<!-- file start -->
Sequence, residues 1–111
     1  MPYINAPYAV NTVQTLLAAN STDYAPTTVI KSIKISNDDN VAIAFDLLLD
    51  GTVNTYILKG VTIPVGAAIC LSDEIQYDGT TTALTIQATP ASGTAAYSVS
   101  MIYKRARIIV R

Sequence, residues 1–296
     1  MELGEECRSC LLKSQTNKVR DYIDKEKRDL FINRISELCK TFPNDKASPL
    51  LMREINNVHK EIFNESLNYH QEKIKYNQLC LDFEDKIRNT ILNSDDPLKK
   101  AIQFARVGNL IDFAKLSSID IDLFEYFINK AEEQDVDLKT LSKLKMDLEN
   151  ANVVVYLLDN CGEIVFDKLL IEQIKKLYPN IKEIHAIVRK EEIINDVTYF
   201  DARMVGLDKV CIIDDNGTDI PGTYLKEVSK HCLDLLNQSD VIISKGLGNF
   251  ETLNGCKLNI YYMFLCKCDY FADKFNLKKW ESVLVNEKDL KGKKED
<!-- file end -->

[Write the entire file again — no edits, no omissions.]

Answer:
Sequence, residues 1–111
     1  MPYINAPYAV NTVQTLLAAN STDYAPTTVI KSIKISNDDN VAIAFDLLLD
    51  GTVNTYILKG VTIPVGAAIC LSDEIQYDGT TTALTIQATP ASGTAAYSVS
   101  MIYKRARIIV R

Sequence, residues 1–296
     1  MELGEECRSC LLKSQTNKVR DYIDKEKRDL FINRISELCK TFPNDKASPL
    51  LMREINNVHK EIFNESLNYH QEKIKYNQLC LDFEDKIRNT ILNSDDPLKK
   101  AIQFARVGNL IDFAKLSSID IDLFEYFINK AEEQDVDLKT LSKLKMDLEN
   151  ANVVVYLLDN CGEIVFDKLL IEQIKKLYPN IKEIHAIVRK EEIINDVTYF
   201  DARMVGLDKV CIIDDNGTDI PGTYLKEVSK HCLDLLNQSD VIISKGLGNF
   251  ETLNGCKLNI YYMFLCKCDY FADKFNLKKW ESVLVNEKDL KGKKED